DUBAI (Reuters) - The United Arab Emirates said on Sunday that U.S. Vice President Joe Biden had apologized to the Abu Dhabi crown prince for “any implications” in a speech he made last week that the UAE had supported Islamist militants in Syria.
The call, confirmed by the White House, came after a day after Biden offered a similar apology to Turkish President Tayyip Erdogan.
Biden, who is known for his occasional verbal gaffes, angered U.S. allies when he suggested in a speech at Harvard University on Thursday that Turkey, Qatar and the United Arab Emirates had extended “billions of dollars and tens of thousands of tons of weapons” to Sunni fighters trying to oust Syrian President Bashar al-Assad.
UAE Minister of State for Foreign Affairs Anwar Gargash demanded an official explanation for Biden’s remarks, which he said had created “a negative and untrue impression about the role of the UAE”, according to state news agency WAM.
On Sunday, Biden telephoned Sheikh Mohammed bin Zayed al-Nehayan, who is also the deputy supreme commander of the UAE armed forces, over the comments.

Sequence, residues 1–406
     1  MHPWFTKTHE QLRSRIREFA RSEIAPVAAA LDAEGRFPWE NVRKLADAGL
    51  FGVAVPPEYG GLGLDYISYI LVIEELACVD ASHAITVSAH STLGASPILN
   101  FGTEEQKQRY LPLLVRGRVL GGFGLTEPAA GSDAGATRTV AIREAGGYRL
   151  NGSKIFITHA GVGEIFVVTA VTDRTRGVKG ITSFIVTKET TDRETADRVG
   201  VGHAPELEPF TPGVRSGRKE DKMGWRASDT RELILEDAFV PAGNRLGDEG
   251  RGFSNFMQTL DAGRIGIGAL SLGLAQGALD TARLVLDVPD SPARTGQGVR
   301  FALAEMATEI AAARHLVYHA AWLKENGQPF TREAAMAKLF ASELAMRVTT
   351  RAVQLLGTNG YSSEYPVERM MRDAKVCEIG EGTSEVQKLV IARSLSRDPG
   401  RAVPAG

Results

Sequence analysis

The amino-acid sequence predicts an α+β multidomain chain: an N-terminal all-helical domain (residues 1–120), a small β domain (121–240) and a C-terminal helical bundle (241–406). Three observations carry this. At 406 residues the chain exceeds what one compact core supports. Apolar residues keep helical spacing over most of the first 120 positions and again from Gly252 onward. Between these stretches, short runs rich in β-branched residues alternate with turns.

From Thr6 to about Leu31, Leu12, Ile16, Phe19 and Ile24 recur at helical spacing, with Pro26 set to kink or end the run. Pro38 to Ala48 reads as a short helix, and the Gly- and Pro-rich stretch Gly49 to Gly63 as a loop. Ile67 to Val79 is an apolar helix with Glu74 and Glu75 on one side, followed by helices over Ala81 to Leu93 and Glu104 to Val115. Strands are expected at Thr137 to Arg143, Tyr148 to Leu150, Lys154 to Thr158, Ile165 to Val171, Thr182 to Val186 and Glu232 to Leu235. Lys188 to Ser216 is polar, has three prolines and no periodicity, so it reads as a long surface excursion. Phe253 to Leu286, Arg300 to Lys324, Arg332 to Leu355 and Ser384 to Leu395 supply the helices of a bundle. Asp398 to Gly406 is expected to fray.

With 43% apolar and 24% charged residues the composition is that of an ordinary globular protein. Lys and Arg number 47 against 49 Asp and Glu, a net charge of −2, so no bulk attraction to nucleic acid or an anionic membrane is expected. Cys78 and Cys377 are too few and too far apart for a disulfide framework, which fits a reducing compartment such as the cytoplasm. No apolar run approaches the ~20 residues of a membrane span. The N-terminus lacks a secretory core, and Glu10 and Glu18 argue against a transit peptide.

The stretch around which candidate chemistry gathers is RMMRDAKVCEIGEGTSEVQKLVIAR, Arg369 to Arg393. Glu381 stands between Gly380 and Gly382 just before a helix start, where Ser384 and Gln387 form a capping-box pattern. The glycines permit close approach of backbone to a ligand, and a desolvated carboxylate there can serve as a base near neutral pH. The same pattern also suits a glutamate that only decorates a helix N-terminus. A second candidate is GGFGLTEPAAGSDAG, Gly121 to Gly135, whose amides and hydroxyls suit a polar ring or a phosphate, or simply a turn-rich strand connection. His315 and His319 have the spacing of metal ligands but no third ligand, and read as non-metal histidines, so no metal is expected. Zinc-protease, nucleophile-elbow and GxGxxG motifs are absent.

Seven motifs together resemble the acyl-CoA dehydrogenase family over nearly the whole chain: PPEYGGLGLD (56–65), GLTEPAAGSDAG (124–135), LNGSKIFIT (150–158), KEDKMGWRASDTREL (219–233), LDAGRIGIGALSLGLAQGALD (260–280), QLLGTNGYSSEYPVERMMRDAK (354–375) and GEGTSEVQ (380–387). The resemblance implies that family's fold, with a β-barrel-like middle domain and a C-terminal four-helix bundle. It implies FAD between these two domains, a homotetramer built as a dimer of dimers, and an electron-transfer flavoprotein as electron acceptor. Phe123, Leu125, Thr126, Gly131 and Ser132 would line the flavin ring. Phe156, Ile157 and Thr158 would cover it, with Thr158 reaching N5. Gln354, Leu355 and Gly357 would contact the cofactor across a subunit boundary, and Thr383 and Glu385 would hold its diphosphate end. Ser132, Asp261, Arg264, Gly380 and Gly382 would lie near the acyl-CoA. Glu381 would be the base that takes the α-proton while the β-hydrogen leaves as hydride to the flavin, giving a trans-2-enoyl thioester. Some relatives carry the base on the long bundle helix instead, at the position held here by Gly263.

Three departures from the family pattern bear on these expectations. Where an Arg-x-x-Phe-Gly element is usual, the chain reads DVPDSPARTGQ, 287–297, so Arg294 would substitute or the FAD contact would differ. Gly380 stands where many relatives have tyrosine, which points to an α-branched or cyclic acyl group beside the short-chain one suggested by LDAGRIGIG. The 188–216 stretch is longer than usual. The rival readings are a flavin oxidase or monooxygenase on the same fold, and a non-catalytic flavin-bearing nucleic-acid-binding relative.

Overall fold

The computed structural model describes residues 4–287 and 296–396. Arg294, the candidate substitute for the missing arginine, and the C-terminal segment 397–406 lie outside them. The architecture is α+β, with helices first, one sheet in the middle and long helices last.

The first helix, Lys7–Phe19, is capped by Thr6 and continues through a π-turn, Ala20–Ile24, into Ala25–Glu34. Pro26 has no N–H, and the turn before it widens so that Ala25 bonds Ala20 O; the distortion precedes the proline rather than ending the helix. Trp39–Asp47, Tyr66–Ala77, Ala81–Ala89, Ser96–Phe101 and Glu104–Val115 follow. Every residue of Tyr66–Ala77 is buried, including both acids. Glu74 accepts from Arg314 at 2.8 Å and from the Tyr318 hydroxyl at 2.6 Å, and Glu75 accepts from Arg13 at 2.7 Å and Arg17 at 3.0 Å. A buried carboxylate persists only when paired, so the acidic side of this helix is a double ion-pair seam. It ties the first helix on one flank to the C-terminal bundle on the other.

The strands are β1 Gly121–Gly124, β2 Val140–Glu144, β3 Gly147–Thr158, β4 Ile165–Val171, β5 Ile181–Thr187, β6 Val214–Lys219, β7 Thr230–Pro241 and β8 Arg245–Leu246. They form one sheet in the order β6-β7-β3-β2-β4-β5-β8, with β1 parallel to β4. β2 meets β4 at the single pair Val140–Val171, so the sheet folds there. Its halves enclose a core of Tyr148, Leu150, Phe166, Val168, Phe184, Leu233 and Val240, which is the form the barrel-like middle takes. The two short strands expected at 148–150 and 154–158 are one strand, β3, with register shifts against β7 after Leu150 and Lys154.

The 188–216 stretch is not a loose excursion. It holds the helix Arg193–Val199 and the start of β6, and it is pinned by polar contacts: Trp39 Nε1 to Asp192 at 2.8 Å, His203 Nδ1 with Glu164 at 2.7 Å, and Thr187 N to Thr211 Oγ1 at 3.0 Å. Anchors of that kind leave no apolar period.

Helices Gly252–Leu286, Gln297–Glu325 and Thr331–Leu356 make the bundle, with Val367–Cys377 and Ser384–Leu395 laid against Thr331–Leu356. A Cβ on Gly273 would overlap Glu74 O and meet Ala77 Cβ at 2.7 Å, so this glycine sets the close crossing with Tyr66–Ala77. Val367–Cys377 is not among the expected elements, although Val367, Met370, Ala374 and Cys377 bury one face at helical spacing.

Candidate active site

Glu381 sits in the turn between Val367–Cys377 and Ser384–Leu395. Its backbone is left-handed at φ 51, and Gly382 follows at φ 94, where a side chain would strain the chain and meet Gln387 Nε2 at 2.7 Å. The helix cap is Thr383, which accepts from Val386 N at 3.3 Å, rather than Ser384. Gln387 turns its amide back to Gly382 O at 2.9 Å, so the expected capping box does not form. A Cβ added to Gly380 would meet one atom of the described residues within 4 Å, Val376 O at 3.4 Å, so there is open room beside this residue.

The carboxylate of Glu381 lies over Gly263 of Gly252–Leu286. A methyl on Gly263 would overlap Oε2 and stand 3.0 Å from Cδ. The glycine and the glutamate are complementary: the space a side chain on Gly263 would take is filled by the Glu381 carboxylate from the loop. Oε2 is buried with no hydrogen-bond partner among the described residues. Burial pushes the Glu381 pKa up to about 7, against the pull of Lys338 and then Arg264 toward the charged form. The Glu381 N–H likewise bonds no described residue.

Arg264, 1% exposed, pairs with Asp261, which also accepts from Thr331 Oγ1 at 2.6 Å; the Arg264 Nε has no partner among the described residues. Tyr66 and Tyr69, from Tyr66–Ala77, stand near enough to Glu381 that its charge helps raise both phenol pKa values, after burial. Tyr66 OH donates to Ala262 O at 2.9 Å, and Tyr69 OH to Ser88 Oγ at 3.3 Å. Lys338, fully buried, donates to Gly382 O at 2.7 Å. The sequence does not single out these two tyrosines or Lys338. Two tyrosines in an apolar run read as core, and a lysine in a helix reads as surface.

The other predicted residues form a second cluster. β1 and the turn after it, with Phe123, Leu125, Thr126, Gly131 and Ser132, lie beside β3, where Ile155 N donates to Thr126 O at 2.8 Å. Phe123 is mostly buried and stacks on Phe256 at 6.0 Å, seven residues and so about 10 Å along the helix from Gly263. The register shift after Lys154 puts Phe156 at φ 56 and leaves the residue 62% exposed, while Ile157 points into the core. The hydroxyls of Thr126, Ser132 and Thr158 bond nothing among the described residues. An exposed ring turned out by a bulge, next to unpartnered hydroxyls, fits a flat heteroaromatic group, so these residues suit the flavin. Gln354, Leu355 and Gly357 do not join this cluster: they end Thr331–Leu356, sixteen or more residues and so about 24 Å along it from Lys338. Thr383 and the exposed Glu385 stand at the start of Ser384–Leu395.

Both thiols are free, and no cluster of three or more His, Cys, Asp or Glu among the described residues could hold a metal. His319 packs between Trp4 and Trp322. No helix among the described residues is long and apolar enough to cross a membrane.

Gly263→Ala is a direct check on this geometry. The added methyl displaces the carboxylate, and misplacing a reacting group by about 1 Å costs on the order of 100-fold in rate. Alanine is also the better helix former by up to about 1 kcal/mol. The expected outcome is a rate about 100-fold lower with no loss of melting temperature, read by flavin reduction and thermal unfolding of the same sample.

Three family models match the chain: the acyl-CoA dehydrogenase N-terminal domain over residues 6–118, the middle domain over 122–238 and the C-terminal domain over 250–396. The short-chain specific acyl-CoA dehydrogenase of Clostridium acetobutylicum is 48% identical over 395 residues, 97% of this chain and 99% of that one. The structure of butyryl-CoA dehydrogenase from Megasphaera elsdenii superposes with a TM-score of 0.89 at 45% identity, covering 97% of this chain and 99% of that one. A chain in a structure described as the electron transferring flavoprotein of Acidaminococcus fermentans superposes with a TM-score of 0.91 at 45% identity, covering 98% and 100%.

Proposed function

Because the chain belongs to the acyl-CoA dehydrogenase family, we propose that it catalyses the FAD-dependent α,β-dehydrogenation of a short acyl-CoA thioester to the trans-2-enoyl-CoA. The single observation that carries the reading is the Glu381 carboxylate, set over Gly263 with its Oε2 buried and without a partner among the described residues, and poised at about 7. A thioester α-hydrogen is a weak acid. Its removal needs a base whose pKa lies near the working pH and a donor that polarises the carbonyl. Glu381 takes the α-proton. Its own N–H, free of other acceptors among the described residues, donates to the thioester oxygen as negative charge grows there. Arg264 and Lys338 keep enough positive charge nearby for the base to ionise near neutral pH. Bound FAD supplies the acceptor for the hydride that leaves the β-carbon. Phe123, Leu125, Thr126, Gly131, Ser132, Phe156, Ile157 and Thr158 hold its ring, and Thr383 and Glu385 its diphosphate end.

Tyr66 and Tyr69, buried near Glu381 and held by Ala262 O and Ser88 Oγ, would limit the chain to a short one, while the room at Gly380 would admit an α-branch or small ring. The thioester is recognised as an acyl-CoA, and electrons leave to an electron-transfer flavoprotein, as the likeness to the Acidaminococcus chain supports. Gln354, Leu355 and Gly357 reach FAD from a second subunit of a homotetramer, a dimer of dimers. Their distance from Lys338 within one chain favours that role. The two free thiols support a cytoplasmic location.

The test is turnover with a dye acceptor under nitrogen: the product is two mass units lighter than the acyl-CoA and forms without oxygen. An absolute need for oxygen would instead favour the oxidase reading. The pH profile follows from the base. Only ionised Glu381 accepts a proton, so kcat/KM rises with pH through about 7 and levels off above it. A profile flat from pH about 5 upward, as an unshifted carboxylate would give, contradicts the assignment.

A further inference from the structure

“In the phone call, Biden offered his apology to the UAE for any implications in his recent statements that may have been understood to mean that the UAE had supported the growth of some of the terrorist organizations in the region,” WAM said.
Biden’s office, in a statement regarding the telephone call to Sheikh Mohammed, said the vice president “clarified that his recent remarks regarding the early stages of the conflict in Syria were not meant to imply that the UAE had facilitated or supported ISIL, Al Qaeda or other extremist groups in Syria”. ISIL is an acronym for Islamic State.
It added: “The Vice President noted the UAE’s strong steps in countering extremist messaging and financing and expressed gratitude for their participation in ongoing military operations against ISIL.”
The UAE is one of several Arab countries that have joined a U.S.-led coalition against Islamist militants, and its air force participated in strikes on targets belonging Islamic State and the al Qaeda wing in Syria, the al-Nusra Front.
Biden, considered among the top Democratic presidential candidates in 2016 if Hillary Clinton does not run, said in his Harvard speech that the battle to stop Islamic State militants’ advance in Syria and Iraq was going to be a “hell of a long fight” for the United States and its coalition partners.
Reporting by Sami Aboudi in Dubai and Jeff Mason in Washington; Editing by Jane Baird, Peter Cooney and Eric Walsh